Many colleagues find it hard to believe that nearly 4 years have passed and that the REFORM project will be ready within less than 3 months from now. It can also be considered a sign that the cooperation within REFORM has been very constructive and productive: if the work is inspiring and challenging then time flies. This is our one but last newsletter. It informs you about the well appreciated international conference and summer school, REFORM’s contribution to economics of river restoration, Ph.D. research and one of our flagship case studies.
Since our previous newsletter the major event has been - of course - our final conference ‘Novel Approaches to Assess and Rehabilitate Modified Rivers’ attended by 170 participants from 26 countries. Two items refer to this event: ‘Spotlight on River Restoration’ and the interviews with two renowned colleagues from the United States who both presented a keynote during the conference: Stan Gregory and Phil Roni.
The conference was preceded by a summer school “Restoring regulated streams linking theory and practice” for students and early career researchers. The young participants very much liked the programme. We had the opportunity to record all lectures allowing a wide audience to make use of REFORM’s results for assessing the hydromorphological status and impacts on ecological and restoration planning and evaluation. We invite you to use it and communicate it to interested colleagues.
The REFORM project also addresses the economic aspects of river restoration. Roy Brouwer (VU, Amsterdam) introduces one of our deliverables which focuses on the costs and benefits of restoration. There is not much experience across Europe with social cost-benefit analysis in this particular area. To this end, a guidance document has been prepared.
Despite the great advancement the WFD has brought to improve the ecological status of aquatic ecosystems, many regret the disregard of riparian zones and floodplains that are so important to river ecosystem functioning. Mattie O’Hare (CEH, Edinburgh) and Annette Baattrup-Pedersen (Aarhus University) coordinated the research for better guidance on how to identify impacts of hydromorphological degradation on riparian ecosystems.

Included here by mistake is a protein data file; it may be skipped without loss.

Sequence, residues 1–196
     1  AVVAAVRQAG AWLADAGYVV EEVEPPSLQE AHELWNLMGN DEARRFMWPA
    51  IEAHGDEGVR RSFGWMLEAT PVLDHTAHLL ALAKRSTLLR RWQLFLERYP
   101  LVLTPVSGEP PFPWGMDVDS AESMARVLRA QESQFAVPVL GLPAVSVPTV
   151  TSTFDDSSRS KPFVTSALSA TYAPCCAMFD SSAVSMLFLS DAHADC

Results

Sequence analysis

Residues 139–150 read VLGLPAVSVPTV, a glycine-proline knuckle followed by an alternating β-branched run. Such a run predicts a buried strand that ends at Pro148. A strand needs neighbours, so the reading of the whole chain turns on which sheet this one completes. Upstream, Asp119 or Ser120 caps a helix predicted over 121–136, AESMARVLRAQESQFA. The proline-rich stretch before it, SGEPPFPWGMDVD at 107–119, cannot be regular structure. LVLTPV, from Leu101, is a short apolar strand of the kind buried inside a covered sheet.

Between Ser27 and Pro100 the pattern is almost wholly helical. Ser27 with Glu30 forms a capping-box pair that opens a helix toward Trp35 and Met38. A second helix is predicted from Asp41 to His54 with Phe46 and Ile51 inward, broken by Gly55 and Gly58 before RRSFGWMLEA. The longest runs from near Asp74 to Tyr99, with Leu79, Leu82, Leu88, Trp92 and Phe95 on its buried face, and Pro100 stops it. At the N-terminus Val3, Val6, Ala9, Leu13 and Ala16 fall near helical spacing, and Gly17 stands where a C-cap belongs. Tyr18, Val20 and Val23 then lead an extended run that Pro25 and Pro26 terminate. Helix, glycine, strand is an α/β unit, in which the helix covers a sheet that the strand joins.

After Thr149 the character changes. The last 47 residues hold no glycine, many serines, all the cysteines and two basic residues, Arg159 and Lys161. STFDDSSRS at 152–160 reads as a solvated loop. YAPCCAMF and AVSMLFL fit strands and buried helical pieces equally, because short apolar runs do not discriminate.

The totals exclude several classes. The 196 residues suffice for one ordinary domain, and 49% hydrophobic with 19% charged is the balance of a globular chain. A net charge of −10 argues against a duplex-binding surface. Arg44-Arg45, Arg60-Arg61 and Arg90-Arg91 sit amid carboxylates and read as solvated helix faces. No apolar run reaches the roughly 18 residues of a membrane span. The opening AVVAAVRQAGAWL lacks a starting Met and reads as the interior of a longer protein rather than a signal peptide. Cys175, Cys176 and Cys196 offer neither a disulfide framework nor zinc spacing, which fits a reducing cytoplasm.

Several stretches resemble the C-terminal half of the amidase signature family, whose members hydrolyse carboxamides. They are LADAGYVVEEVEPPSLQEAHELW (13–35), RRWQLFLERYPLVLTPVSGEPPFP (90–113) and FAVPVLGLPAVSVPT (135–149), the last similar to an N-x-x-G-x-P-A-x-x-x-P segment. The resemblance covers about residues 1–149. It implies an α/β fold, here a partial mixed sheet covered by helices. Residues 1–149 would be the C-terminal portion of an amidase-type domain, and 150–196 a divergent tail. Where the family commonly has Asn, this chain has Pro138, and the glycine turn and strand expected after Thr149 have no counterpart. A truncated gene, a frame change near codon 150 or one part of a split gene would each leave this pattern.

In our serial on Ph.D. research within REFORM, Sabine Scheunig (IGB, Berlin) introduces her research on the interaction between aquatic macrophytes and hydromorphology. Different vegetation management approaches will be investigated to enhance self-sustainability, increase river health and reduce maintenance costs. Anette Baisner Alnoee (Aarhus University) investigates the role of restoration for stream ecosystem functioning: little is known on how stream restoration affects functional parameters such as stream metabolism, organic matter breakdown rates or nutrient uptake rates by different stream organisms.
The serial on REFORM case studies moves to Sweden where longitudinal connectivity has been improved and the amount of available salmonid habitat have been enlarged in the River Mörrumsån. It serves as an excellent example of how stakeholders with different interests joint forces and reached an agreement between fish migration and hydropower production.
The last 3 months of our project will be dedicated to finalising several deliverables, which will be ready on time and are particularly relevant for the application of the results of REFORM. Furthermore we organise a workshop on e-flows and sediment dynamics (Rome, 8-10 September) and give input to the ECOSTAT workshop on hydromorphology (Oslo, 12-13 October). In our last newsletter we will inform on these final results and how they will be available after REFORM has finished. I do hope you enjoyed reading our newsletters and that it helps and stimulates you to further explore our results.
On behalf of the REFORM team,
Tom Buijse, REFORM Coordinator